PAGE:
blockbuster vs megahit what difference

what is difference between blockbuster and megahit

English

Etymology

block +‎ buster

Pronunciation

  • IPA(key): /ˈblɒkˌbʌstə(ɹ)/

Noun

blockbuster (plural blockbusters)

  1. A high-explosive bomb used for the purposes of demolishing extensive areas, such as a city block.
  2. (informal) Something, such as a film or book, that sustains exceptional and widespread popularity and achieves enormous sales, as opposed to a box office bomb.
  3. (slang) Anything very large or powerful; a whopper.
    • 1998, Yves Beauchemin, The Second Fiddle (page 383)
      “How nice,” she responded to his invitation, “but I’ve got a blockbuster of a headache. I’m paying for last night. Call me tomorrow, will you?”
  4. A large firework of the firecracker type; an M-80.
  5. (US) One who engages in blockbusting (technique encouraging people to sell property).
    • 2016, Sabiyha Prince, African Americans and Gentrification in Washington, D.C. (page 106)
      Whereas White residents fell prey to blockbusters who stoked fears of invading Negroes and plummeting housing values during the 1950s, African Americans confronted more-than-imagined difficulties in neighborhoods after the 1968 riots.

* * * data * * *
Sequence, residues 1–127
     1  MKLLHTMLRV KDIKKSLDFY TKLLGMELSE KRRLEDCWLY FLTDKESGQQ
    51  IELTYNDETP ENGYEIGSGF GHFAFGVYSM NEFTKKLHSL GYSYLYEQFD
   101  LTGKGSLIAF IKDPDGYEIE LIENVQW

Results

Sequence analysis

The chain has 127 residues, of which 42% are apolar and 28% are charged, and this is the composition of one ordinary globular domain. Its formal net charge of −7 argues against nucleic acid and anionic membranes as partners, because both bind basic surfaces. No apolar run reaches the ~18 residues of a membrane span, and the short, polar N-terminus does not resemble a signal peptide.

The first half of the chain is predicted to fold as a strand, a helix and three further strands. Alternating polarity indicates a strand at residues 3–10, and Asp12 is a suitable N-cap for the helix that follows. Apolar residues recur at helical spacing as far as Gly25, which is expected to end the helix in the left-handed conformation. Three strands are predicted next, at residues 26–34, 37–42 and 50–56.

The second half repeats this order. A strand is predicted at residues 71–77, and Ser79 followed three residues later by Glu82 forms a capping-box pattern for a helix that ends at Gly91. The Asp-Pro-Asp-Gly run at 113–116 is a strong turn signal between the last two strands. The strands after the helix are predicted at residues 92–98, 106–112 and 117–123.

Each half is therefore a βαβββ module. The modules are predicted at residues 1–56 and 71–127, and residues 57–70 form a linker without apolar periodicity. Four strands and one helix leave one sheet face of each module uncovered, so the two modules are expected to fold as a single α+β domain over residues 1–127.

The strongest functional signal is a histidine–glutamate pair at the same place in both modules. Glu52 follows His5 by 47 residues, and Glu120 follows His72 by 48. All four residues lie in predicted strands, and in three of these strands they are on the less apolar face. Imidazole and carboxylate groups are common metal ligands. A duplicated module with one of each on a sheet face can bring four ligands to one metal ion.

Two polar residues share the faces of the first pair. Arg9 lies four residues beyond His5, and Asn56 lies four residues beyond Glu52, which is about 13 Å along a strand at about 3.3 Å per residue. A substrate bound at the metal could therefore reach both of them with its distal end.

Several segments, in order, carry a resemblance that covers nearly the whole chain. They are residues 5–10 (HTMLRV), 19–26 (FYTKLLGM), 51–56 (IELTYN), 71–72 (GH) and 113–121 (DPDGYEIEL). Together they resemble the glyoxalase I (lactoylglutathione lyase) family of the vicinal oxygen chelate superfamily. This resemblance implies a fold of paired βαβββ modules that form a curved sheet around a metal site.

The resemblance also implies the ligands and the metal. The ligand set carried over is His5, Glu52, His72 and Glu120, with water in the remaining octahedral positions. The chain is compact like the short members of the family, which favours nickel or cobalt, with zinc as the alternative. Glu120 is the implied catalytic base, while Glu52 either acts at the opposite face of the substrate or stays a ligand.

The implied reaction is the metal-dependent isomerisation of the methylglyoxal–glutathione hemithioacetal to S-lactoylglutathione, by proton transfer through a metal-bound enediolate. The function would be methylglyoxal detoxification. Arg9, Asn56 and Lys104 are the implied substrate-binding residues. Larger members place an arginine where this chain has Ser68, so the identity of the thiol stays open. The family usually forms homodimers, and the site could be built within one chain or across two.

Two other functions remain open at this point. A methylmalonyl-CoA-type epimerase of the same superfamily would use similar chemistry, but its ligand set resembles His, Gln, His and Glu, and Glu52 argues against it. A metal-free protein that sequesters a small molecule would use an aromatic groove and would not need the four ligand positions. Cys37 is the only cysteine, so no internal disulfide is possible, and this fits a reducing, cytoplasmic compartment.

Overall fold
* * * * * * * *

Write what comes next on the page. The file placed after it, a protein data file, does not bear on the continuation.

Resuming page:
Descendants

Translations

Related terms

  • blockbust (verb form)
  • block
  • bust

Catalan

Etymology

From English blockbuster.

Noun

blockbuster m (plural blockbusters)

  1. blockbuster (film or book that sustains exceptional and widespread popularity and achieves enormous sales)

French

Etymology

From English blockbuster.

Pronunciation

  • IPA(key): /blɔk.bys.tœʁ/, /blɔk.bœs.tœʁ/

Noun

blockbuster m (plural blockbusters)

  1. blockbuster (film or book that sustains exceptional and widespread popularity and achieves enormous sales)

Portuguese

Etymology

From English blockbuster.

Noun

blockbuster m (plural blockbusters)

  1. blockbuster (film or book that sustains exceptional and widespread popularity and achieves enormous sales)

Further reading

  • “blockbuster” in Dicionário Priberam da Língua Portuguesa.

Spanish

Etymology

From English blockbuster.

Noun

blockbuster m (plural blockbusters)

  1. blockbuster (film or book that sustains exceptional and widespread popularity and achieves enormous sales)
    Synonyms: taquillazo, bombazo


English

Etymology

From mega- +‎ hit.

Pronunciation

  • (UK) IPA(key): /ˈmɛɡəhɪt/

Noun

megahit (plural megahits)

  1. A large success or hit. [from 20th c.]
    • 2017, David Friend, The Naughty Nineties:
      We settle on our target: a group of women riding around on a Manhattan tour bus and visiting sites featured in HBO’s ’90s megahit Sex and the City.

Translations


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